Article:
Honda Motor Co. saw third-quarter sales plunge 36%, with a 44% drop-off in deliveries of its Acura luxury line. Still, the automaker says it is seeing signs of inventory improvement, as sales of its top-selling CR-V crossover utility vehicle rose 27% last month and its Ridgeline pickup had its best September ever, with deliveries up 53%.
“The pipeline is getting stronger with the expectation that increased production in the fourth quarter will support important upcoming all-new model introductions, like the CR-V, CR-V Hybrid and Pilot,” Mamadou Diallo, vice president of auto sales for American Honda Motor Co., said in a statement.
Stellantis NV sold 385,665 vehicles in the third quarter, a 6% drop from last year and slightly less than the 388,481 forecast by researcher Cox. The Ram pickup was its top seller overall, followed by the Jeep Wrangler.
The company’s other gas guzzlers, the Dodge Challenger and Charger muscle cars, jumped 17% and 25% respectively after the brand released limited-edition models as a swan song before the gasoline-powered versions of those cars are discontinued next year to make way for electrified versions.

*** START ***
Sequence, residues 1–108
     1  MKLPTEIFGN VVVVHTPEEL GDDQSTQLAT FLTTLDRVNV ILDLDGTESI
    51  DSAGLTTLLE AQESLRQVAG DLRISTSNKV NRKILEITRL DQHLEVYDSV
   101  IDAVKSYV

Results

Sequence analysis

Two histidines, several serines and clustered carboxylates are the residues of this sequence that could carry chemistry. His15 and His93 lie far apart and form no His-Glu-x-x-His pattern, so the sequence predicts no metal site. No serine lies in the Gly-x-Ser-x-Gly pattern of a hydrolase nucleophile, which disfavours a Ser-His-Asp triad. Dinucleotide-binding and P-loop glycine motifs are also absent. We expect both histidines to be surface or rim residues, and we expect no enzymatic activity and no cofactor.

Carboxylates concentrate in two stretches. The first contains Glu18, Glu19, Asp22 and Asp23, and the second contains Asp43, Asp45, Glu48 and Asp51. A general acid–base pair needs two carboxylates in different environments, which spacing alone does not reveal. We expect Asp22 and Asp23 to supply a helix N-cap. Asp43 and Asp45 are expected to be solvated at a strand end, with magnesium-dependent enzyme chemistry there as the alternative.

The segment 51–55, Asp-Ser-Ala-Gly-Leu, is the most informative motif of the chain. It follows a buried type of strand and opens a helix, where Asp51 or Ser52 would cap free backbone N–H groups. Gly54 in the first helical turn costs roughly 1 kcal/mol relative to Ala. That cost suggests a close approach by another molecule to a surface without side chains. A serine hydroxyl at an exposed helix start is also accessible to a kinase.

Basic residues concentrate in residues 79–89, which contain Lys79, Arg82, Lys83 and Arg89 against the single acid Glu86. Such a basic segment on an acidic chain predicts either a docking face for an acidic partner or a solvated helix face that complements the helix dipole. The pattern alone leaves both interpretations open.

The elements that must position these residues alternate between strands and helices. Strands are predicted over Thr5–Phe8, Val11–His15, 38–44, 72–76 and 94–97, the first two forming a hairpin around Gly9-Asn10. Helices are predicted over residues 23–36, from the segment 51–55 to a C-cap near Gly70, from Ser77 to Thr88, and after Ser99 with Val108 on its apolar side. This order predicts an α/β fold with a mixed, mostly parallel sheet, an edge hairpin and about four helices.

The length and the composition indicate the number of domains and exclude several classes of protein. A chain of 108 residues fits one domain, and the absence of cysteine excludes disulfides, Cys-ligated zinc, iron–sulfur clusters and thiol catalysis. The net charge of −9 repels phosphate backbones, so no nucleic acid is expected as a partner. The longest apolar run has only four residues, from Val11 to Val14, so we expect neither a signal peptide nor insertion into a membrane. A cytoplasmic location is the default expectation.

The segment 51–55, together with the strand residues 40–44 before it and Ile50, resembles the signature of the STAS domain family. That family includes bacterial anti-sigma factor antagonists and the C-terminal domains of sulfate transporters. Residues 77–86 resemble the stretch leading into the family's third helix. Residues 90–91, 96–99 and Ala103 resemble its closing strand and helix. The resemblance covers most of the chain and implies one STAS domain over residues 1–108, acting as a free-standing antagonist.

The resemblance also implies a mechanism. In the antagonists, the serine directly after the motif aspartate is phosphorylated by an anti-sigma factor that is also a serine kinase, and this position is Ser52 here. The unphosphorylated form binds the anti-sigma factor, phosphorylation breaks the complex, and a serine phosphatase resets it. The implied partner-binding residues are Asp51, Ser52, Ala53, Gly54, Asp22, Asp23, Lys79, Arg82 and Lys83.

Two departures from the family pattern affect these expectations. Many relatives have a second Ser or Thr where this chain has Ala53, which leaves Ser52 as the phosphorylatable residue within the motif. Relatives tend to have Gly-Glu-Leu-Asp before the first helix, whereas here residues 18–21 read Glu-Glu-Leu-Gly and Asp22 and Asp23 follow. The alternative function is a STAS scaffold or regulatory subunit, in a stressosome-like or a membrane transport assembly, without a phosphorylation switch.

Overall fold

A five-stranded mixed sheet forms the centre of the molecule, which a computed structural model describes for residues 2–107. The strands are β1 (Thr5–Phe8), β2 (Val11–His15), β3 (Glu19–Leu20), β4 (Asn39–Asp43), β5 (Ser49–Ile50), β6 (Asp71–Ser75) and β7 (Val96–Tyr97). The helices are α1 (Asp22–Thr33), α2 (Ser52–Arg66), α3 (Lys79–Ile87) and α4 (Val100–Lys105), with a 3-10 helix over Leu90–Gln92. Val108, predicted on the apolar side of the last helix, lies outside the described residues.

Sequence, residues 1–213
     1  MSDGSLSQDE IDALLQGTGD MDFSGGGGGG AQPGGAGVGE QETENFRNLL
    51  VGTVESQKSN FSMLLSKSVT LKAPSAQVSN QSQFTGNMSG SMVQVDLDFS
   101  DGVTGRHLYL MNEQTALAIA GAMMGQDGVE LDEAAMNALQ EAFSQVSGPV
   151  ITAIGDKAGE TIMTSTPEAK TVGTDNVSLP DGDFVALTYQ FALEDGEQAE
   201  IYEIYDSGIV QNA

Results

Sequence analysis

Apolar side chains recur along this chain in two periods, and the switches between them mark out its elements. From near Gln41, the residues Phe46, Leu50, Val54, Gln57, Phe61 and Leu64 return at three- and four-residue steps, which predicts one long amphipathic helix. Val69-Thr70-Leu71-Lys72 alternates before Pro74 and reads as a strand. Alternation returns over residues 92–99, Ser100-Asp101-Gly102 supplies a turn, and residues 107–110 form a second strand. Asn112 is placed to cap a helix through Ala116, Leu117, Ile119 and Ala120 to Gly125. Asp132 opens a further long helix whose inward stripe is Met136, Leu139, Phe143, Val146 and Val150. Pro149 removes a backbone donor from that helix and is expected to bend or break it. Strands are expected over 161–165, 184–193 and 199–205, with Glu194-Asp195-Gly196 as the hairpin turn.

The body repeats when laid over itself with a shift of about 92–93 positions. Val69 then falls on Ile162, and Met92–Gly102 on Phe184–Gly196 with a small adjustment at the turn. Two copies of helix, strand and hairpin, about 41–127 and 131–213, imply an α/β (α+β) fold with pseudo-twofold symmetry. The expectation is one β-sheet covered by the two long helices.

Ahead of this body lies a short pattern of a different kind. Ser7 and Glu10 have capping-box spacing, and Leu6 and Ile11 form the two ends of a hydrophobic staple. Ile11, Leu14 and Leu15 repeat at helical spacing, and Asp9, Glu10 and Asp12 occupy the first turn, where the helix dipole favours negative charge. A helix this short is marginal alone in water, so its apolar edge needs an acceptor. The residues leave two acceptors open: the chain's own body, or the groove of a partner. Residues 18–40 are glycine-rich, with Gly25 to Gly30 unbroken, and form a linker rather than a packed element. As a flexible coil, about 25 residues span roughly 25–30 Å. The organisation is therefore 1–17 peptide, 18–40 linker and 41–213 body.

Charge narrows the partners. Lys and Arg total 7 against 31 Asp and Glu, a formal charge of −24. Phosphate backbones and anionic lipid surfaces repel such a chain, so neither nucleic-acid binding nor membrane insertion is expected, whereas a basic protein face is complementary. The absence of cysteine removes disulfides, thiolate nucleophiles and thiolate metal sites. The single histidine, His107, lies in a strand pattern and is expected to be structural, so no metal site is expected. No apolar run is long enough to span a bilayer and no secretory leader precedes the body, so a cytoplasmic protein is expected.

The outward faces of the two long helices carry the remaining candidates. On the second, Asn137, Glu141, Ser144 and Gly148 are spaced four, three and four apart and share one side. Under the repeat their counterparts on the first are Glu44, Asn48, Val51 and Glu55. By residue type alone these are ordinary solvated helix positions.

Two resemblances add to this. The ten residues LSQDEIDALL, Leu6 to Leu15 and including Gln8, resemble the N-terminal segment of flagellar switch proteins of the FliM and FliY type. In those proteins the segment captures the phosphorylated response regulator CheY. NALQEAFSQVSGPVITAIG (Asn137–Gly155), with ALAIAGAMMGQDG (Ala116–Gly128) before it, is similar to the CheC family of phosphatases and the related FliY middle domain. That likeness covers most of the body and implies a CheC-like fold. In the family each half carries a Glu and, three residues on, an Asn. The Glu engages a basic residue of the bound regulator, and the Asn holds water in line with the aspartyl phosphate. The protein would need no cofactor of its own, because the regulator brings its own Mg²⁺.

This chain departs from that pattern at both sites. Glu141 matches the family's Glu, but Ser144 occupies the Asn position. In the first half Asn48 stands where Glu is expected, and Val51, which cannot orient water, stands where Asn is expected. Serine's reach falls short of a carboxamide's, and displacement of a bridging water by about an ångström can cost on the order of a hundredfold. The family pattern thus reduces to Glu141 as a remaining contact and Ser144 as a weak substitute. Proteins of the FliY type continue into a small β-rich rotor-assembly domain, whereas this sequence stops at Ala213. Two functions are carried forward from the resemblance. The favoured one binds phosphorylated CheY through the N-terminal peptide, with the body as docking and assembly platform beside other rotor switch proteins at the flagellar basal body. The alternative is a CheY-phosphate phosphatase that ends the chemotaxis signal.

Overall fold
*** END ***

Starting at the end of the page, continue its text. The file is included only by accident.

Commercial sales to businesses and governments rose in a sign of heightened reliance on fleet sales. With gas prices still elevated, the hybrid Jeep Wrangler 4xe made up 28% of total Wrangler sales in the quarter, the automaker said.
Nissan Motor Co. said its third-quarter U.S. sales fell 23% with its namesake brand down 24% amid chip shortage woes. The company’s premium Infiniti brand posted a 5.4% increase, the company said in a statement.
The Japanese automaker said sales of its Altima sedan doubled, but its top-selling Rogue crossover SUV was hit hard. Sales of the popular model fell 19% in the quarter to 42,460.
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Hyundai sold 184,431 vehicles in the third quarter, up 3% from a year ago, led by the Tucson crossover and budget-friendly Elantra sedan. Hybrids and fully electric models like the Elantra HEV and Ioniq5 set records, the Korean automaker said. September sales were up 11% year-over-year.
Hyundai has benefited from an onslaught of new models and effective inventory management amid the chip shortage. The automaker has “plenty of cars in the pipeline for the remainder of the year,” Parker, the head of Hyundai Motor America, said in statement.
— Written by David Welch, Gabrielle Coppola and Keith Naughton